- Wed, Apr 5, 2017 07:30 PM
Five lectures in London and one in Birmingham. See Event Description for details
Latitude: 51.5201, Longitude: -0.103038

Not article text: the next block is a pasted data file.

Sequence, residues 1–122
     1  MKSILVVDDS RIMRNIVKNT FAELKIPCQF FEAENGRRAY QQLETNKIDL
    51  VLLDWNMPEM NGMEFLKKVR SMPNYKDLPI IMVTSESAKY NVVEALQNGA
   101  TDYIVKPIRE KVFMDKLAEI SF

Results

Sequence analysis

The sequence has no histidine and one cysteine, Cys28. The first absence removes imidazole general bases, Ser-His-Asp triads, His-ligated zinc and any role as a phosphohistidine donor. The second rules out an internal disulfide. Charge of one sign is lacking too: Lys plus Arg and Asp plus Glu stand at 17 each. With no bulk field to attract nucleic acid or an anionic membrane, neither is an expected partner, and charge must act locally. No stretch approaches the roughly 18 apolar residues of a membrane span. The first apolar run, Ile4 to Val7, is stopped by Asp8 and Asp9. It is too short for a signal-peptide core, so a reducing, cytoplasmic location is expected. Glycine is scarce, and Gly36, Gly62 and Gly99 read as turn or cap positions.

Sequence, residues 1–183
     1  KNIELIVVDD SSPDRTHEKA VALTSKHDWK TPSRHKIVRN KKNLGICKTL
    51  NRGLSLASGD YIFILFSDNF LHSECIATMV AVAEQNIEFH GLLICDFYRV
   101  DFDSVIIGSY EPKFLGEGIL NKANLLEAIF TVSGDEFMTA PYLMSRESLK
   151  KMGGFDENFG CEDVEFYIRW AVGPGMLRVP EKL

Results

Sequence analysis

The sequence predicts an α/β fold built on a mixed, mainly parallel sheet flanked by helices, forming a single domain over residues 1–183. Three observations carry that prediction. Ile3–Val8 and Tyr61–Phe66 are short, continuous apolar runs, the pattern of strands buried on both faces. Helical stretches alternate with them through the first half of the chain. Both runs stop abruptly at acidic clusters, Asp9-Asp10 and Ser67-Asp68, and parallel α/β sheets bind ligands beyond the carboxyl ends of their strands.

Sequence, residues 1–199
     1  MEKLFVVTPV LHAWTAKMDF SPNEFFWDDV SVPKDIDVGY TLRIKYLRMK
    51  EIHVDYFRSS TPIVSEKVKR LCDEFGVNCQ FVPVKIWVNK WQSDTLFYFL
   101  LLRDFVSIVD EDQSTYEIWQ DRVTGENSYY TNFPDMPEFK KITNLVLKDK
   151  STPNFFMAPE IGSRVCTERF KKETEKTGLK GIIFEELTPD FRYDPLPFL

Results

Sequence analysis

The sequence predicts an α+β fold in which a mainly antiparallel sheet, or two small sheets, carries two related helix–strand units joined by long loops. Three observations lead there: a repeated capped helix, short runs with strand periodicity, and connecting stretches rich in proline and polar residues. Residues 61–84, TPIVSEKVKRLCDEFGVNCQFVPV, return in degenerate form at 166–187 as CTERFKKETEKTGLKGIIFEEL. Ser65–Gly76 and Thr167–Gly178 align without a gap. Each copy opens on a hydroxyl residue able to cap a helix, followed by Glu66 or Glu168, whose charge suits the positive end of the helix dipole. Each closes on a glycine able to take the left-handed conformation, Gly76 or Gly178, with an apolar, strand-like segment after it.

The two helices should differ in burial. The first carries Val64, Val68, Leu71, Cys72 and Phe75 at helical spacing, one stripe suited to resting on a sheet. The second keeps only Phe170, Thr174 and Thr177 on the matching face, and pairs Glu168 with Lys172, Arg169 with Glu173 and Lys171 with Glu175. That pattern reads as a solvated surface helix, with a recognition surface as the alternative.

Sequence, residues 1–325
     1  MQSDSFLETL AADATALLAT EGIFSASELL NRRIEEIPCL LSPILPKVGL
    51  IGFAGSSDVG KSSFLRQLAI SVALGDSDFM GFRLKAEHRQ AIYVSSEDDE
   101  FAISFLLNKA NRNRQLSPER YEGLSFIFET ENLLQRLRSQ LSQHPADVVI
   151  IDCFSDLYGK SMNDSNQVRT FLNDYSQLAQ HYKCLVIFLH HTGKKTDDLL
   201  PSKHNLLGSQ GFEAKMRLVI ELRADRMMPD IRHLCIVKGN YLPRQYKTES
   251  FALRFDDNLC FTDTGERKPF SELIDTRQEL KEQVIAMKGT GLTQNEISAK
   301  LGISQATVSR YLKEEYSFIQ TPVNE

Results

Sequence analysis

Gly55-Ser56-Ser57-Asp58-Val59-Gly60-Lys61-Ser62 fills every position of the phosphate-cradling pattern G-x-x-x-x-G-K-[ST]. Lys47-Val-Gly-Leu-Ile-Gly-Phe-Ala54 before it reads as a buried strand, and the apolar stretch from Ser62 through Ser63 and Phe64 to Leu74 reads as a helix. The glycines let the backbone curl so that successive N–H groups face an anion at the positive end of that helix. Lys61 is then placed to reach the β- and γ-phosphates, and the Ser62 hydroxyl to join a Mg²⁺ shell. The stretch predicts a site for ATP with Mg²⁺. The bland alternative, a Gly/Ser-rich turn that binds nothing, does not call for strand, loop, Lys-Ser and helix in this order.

The Gardens Trust Winter Lecture Series, Birmingham and London, 2017 Birmingham: 8 February. The Birmingham & Midland Institute, 9 Margaret Street, Birmingham B3 3BS London: All other dates: The Gallery, 77 Cowcross Street, EC1M 6EL Paula Henderson, PhD, FSA, Independent architectural and garden historian The Gardens and Park of Bramshill, Hampshire 6.30 pm, Wednesday 25 January, The Gallery, 77 Cowcross Street Bramshill, one of the finest Jacobean mansions, was built between 1605-25 by Edward, Baron Zouche, a courtier and passionate horticulturalist. Evidence suggests that many of the most dramatic surviving features at Bramshill date from Zouche’s ownership, but these are overlaid with alterations from subsequent centuries. The new owners commissioned ‘statements of significance’ for the house and landscape in an attempt to define what should be retained for an appropriate historical context for both. Brian Dix, Consultant garden archaeologist Awakening from Slumber: Recent archaeology and restoration at Boughton House Gardens, Northamptonshire. 6.30 pm, Wednesday 8 February, The Birmingham & Midland Institute, 9 Margaret Street, Birmingham, B3 3BS The French-inspired gardens and landscape created at Boughton House by the first and second Dukes of Montagu in the sixty years up to the middle of the eighteenth century are the best of their kind in Britain. The formal layout escaped the fate of many elsewhere when the house ceased to be a permanent home, leading to a prolonged period of benign neglect. Brian Dix is closely involved in their current restoration by the present Duke of Buccleuch, a descendant of the earlier dukes. Brian Dix, Consultant garden archaeologist Awakening from Slumber: Recent archaeology and restoration in the gardens of Boughton House, Northamptonshire. 6.30 pm, Wednesday 22 February, The Gallery, 77 Cowcross Street Details as above. Kate Felus, Independent garden historian and consultant The Secret Life of the Georgian Garden 6.30 pm, Wednesday 8 March, The Gallery, 77 Cowcross Street Much is known about 18th century designed landscapes but until now very little has been written about how people actually used the parks and gardens created by the likes of Capability Brown. In her talk, based on her recent book, Kate will uncover the secret life of the Georgian garden, discussing how landscapes were used from dawn to dusk and beyond. She will describe how the Georgian upper and middle classes sailed on lakes, sipped syllabubs in grottoes and slipped into the shrubberies for illicit liaisons, amongst other activities. Paul Howarth, Research Volunteer & Website Manager, Kent Gardens Trust The diverse heritage of Medway parks and gardens 6,30 pm, Wednesday 22 March, The Gallery, 77 Cowcross Street Paul Howarth of Kent Gardens Trust will speak on the broad range of gardens researched for their Medway Project, including the gardens of Rochester Cathedral (where there are associations with Gertrude Jekyll), Eastgate House garden in the Arts & Crafts style by Edward Guy Dawber, and the proposed restoration of the Tudor garden at Restoration House. Karen Fitzsimon, Chartered Landscape Architect, Garden Historian and Horticulturist Drawing on Denmark – the mid-to-late twentieth-century landscape practice of Preben Jakobsen in Britain 6.30pm, Wednesday 5 April, The Gallery, 77 Cowcross Street Karen’s talk will elucidate on her 2016 research trips to Denmark in preparation for her monograph on Jakobsen, during which she retraced his footsteps from his childhood home to the Royal Academy of Fine Art, Copenhagen. On the way she explored landscapes designed by his mentor Prof. Carl Th. Sørenson and those by designers whom he admired, such as Sven Hansen. She will consider their influence on Jakobsen’s practice in the UK.